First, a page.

The Importance of a Running Server (Microsoft engineers, please read)

So it turns out that Microsoft has gotten serious about security in Windows 8. So serious, in fact, that they have enforced computer restarts when security updates need installing.

So instead of installing updates while the system is running,which would be the right way to handle these things, Microsoft has decided to force your computer to reboot to fix its own security flaws.

Given that the code jockeys can’t figure out how to install updates without rebooting (ahem, Linux), they could at least bug you to restart or at least let you schedule a restart like with Windows XP (which bugged you every 5 minutes), Vista and Windows 7. But the Windows 8 developers — who are much smarter than you or I, obviously, and know better than we do — decided they weren’t going to wait for unreliable users who keep hitting “Postpone.” So they force a shutdown, usually in the middle of the day. And since Windows 8/8.1 updates are complicated affairs, the computer routinely takes 30 minutes to restart.

Meanwhile, the employee, locked out of the computer, is lost productivity. In some situations that I have seen, the computer might be a Point of Sale system, which means the register is down for business until Microsoft can get its act together.

It is also fairly common for Windows 8/8.1 updates to fail after 10 – 15 minutes, adding an additional retry. I have seen updates fail twice, bringing the total wait time for a reboot of Windows 8.1 to about 1 hour.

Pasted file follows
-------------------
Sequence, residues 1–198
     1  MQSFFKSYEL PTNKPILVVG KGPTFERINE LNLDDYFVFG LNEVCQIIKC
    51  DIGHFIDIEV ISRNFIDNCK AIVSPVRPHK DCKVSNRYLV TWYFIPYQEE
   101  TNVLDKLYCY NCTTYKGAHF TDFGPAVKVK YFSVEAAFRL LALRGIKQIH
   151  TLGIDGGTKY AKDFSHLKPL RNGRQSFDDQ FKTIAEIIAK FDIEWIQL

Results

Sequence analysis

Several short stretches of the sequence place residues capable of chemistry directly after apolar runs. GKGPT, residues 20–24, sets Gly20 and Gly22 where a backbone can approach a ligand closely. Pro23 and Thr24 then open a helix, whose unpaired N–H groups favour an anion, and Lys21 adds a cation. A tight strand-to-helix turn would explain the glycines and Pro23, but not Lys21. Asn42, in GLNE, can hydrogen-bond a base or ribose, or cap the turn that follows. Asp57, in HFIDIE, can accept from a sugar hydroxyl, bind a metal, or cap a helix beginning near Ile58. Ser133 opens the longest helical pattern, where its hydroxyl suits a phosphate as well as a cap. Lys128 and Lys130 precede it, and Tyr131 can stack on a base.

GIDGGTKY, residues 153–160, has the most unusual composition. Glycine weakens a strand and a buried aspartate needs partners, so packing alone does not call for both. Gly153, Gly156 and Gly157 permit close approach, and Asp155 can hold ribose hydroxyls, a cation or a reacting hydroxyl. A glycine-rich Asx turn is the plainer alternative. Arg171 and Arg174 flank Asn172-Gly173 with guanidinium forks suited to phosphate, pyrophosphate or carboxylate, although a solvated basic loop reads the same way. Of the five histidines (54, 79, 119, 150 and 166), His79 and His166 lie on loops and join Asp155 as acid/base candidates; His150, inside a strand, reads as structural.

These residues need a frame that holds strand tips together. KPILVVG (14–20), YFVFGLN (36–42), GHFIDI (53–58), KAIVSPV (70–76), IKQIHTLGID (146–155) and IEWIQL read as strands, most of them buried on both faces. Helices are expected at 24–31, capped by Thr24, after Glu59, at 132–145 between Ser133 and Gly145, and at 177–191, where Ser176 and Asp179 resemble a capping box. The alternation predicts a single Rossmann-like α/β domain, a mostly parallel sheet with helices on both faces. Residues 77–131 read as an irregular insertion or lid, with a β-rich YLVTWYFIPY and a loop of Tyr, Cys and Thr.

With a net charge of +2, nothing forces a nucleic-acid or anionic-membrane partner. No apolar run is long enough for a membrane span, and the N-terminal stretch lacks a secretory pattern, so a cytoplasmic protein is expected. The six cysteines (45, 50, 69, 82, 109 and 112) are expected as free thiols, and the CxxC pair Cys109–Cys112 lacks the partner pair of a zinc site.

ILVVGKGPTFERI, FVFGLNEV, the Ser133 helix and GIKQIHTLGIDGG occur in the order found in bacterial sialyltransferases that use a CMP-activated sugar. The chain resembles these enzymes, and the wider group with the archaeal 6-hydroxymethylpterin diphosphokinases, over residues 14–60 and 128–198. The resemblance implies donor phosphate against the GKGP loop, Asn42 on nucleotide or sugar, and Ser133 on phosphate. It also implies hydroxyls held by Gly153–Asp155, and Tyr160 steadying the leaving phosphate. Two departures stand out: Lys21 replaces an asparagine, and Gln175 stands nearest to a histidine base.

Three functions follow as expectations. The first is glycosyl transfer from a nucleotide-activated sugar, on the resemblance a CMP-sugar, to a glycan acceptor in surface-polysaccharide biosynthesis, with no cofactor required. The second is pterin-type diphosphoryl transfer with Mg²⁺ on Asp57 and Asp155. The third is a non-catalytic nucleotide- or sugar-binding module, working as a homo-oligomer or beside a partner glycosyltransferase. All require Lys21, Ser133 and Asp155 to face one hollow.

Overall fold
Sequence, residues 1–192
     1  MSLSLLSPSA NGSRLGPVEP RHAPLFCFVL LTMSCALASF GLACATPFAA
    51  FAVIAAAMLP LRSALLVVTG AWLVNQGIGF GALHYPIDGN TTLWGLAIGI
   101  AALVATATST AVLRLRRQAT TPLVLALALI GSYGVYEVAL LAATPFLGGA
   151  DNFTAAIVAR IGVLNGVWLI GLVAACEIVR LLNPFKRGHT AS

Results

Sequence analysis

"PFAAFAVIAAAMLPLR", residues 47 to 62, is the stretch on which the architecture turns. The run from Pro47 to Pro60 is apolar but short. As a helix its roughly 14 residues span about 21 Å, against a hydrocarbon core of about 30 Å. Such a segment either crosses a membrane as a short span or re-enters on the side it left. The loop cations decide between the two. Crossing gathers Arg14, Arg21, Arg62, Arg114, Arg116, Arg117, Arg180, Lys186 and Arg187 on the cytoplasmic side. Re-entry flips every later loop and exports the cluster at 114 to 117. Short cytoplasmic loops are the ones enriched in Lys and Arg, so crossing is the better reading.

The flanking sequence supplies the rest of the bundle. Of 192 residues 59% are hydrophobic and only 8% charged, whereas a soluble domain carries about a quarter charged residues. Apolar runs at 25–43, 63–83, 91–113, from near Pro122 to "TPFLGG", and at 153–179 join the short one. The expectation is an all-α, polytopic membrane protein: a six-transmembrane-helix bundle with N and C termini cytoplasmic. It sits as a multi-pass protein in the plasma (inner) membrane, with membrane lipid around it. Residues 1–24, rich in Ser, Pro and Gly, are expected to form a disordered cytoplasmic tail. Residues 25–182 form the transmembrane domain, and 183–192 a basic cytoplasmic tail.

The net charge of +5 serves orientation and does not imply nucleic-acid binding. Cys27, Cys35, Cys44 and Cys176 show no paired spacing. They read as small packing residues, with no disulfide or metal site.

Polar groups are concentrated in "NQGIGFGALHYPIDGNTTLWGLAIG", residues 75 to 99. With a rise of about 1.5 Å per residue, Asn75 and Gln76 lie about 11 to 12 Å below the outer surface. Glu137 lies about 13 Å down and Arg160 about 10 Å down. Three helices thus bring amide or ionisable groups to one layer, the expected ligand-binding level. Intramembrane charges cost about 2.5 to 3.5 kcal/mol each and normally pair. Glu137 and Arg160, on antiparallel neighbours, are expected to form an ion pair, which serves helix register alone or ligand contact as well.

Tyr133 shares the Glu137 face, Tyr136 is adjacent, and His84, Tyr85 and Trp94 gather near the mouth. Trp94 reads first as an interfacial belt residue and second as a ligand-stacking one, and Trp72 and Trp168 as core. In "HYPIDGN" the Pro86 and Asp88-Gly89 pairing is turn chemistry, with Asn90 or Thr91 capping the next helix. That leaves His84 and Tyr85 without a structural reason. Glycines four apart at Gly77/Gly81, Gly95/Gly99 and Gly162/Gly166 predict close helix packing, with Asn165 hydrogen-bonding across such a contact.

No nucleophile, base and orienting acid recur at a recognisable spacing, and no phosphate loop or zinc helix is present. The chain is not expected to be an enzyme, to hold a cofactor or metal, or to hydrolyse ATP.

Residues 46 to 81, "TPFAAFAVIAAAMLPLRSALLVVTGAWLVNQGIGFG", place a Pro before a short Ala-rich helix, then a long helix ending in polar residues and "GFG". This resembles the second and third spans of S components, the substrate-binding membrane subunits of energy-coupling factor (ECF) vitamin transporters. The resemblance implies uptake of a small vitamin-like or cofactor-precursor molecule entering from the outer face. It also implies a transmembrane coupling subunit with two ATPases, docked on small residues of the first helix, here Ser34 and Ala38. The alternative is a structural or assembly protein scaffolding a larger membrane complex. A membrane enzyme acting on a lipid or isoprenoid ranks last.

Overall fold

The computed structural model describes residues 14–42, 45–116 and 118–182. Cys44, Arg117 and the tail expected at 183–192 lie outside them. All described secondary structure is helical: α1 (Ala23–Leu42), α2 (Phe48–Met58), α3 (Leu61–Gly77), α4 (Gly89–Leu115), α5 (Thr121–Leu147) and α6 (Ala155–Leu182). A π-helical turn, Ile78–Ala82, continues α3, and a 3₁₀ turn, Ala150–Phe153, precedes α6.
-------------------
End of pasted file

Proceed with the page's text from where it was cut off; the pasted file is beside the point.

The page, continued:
It would be bad enough if these updates merely took down an individual or a single point of sale station. What’s worse is when the server does the same thing. Since Server 2012 and 2012 R2 are based on the same code as Windows 8, they also force shutdown whenever they feel like it, and usually in the middle of the workday. There is nothing worse than getting a call from an irate client whose server has just kicked 12 engineers off of their work because it wants to install updates from 2:00 to 2:30 Thursday afternoon. You can bill Microsoft for that lost productivity, guys.

Now, I’m no software engineer, but if I were, I think I would have put in a requirement to NOT RESTART THE SERVER DURING BUSINESS HOURS. Sounds like a no-brainer, but again, I’m not a software engineer!

The solution? Disable automatic updates, of course! Install them manually when you have downtime. It’s ironic that we need to disable security updates in order to keep our companies productive. Pretty stupid, too, Microsoft. Fix it.